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Field Poll Leaves Schwarzenegger with Little Choice

Aug
1
2006

Shortly after California’s June 6, 2006 Primary, the State Republican Party began running a pair of ads urging Californians to take the Golden State, “forward, not backwards,” by re-electing Governor Arnold Schwarzenegger. Ever since, his lead over rival Phil Angelides has grown from five to eight to thirteen points.

Fellow Democrats are not helping Angelides, either. Garry South, the campaign manager for Angelides former rival, Steve Westly, blogged his honest opinion. “Angelides looks wrong, sounds wrong, is wrongly positioned and is running the wrong kind of campaign.” Democratic infighting could hurt more than any CRP ad.

Meanwhile, the Governor’s re-election team is investing thousands of man-hours organizing a ground game unseen in California since the CREEP back in ’72—recruiting thousands of volunteers for the fall—in June and July.

While it might be tempting to rest easy – given the state of the opposition and take the double-digit lead for granted, Schwarzenegger’s people know that he has failed to crack 50% in any poll. His numbers have held steady at 45% while Angelides’ numbers have slipped. Even with the planned mobilization of volunteers, the roadmap to getting that next five percent that would assure a November victory for Arnold is unclear.

At the 30,000 foot level, Schwarzenegger has two basic choices. He can use his celebrity and increasing likeability to support his fellow Republicans running statewide. Or he can campaign with Democrats, like Los Angeles Mayor Antonio Villaraigosa, to promote a package of five infrastructure bonds that will be on the ballot in November.

The reason it’s such a tough choice is that neither are all that popular. Of the infrastructure bonds, only proposition 1B—the transportation bond—has a majority of voters supporting it and the proposed affordable housing bond is losing like a Christian Conservative running for Mayor of San Francisco.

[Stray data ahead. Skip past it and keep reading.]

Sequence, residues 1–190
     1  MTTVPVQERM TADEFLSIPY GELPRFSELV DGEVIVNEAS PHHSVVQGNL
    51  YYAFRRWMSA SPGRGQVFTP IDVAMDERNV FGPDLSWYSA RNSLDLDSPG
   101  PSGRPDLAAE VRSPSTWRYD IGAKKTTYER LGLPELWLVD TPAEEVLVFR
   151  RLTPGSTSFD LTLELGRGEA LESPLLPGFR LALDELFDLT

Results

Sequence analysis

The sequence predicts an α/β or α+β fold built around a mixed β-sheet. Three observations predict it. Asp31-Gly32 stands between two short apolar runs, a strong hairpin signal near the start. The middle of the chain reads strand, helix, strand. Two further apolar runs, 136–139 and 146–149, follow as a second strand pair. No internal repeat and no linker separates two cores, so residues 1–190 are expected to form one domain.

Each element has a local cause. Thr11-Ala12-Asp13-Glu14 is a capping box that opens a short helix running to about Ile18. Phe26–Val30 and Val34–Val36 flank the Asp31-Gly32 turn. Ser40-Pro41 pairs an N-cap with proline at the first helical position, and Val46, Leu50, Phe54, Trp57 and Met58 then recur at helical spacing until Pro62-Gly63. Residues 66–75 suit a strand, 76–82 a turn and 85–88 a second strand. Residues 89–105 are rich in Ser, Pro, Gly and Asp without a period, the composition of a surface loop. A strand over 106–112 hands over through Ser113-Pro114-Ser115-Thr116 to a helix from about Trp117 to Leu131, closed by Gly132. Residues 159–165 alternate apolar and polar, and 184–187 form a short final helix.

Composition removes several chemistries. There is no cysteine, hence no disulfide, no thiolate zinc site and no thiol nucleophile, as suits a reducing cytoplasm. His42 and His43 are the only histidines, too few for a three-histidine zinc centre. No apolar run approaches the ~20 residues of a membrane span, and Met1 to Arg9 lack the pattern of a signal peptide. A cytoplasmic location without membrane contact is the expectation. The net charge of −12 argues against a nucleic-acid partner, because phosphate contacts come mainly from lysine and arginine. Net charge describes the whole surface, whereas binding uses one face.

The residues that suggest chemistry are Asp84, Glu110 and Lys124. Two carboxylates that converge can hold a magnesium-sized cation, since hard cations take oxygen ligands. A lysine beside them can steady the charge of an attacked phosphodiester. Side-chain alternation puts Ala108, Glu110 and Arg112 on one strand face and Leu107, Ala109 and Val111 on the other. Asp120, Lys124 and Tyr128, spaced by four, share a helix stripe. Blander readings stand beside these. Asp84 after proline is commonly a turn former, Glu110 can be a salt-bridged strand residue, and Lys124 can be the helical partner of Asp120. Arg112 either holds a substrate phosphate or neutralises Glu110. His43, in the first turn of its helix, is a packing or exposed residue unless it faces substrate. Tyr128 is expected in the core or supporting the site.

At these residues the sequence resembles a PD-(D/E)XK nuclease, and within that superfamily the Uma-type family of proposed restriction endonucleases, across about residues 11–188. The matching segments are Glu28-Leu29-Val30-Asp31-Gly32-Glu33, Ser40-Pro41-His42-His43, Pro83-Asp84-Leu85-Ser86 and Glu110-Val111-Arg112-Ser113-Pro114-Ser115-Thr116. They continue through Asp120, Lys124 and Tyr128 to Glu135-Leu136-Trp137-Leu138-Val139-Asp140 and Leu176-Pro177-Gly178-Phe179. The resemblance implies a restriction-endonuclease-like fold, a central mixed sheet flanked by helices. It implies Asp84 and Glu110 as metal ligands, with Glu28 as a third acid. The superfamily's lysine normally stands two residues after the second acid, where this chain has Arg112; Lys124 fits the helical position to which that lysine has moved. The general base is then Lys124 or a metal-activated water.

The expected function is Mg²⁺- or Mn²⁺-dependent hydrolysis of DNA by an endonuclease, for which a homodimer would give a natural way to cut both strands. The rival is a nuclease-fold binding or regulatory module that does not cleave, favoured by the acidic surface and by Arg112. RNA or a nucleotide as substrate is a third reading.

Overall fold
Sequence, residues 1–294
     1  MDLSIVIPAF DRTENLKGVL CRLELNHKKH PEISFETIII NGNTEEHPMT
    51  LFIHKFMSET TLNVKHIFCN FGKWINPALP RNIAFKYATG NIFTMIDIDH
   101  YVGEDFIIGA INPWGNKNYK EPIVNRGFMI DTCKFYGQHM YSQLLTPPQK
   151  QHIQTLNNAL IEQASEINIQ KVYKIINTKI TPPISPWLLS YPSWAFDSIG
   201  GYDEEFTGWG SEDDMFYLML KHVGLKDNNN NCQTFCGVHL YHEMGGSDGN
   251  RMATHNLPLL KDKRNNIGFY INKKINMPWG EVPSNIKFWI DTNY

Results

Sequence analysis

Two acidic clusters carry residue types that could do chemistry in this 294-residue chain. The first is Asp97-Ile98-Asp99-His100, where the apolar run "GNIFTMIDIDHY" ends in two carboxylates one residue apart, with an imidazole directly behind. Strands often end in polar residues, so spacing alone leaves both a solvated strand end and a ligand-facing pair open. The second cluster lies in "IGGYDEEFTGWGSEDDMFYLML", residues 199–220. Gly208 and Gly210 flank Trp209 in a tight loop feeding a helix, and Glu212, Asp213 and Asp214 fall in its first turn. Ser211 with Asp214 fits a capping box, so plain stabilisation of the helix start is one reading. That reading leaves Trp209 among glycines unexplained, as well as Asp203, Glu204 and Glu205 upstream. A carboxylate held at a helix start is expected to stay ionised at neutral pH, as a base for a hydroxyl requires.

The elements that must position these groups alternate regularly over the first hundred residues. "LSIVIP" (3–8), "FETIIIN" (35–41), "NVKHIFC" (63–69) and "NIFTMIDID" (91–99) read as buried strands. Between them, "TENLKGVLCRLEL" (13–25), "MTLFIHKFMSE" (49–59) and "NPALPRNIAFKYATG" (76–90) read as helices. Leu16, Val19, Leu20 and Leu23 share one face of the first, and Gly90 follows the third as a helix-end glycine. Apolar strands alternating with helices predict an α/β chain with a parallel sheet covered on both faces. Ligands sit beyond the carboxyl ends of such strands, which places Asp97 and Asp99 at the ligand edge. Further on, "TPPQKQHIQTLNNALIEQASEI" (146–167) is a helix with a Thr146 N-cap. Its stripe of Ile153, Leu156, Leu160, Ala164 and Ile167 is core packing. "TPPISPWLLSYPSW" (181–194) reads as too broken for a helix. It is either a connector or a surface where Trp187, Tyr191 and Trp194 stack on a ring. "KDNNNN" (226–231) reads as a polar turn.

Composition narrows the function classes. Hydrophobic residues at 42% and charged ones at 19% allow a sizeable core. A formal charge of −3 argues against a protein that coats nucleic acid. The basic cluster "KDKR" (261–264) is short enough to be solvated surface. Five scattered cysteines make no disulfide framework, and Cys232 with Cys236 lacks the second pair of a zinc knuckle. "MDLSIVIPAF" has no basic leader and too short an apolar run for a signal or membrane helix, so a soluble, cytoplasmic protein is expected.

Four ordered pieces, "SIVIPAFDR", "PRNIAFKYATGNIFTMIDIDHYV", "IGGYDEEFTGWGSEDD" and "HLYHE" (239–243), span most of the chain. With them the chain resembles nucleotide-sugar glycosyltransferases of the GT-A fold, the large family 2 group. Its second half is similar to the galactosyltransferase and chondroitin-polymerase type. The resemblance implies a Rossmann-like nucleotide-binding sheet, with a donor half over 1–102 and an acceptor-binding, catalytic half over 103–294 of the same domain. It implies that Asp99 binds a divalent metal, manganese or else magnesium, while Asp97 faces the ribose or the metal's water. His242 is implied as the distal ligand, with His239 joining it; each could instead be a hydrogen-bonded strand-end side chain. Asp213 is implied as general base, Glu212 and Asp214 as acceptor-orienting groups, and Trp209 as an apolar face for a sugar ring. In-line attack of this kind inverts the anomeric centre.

Alternatively, the Republican ticket isn’t doing much better. All down-ballot Republicans are trailing their Democrat opponents and only Secretary of State Bruce McPherson and Insurance Commissioner candidate Steve Poizner are within spitting distance of the other party.

Facing those choices, Arnold does have one option left. He can be his own man and steer his own course. It’s an approach that columnist Jill Stewart says has worked well for him on immigration issues. Until last December when he brought on new staff and reassembled his campaign team, Schwarzenegger too often tried to follow someone else’s path. But since he decided to be his own man, those poll numbers are looking mighty fine and that individualist path – the one that got him elected in the first place – may prove the winning course.

Share  Posted by Scott Olin Schmidt at 9:58 AM | Permalink

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